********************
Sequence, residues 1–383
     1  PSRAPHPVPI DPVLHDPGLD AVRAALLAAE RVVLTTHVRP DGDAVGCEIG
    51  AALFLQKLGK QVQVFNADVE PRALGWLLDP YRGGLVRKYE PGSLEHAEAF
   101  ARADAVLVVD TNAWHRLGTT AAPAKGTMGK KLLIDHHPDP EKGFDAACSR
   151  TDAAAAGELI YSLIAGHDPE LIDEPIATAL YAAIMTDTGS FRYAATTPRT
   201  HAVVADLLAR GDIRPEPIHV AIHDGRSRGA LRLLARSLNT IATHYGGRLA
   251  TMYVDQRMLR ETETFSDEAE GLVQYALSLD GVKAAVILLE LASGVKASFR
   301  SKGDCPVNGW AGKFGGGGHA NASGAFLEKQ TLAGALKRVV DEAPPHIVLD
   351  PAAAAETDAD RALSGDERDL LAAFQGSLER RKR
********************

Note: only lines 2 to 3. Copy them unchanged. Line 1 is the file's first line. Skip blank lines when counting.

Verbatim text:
     1  PSRAPHPVPI DPVLHDPGLD AVRAALLAAE RVVLTTHVRP DGDAVGCEIG
    51  AALFLQKLGK QVQVFNADVE PRALGWLLDP YRGGLVRKYE PGSLEHAEAF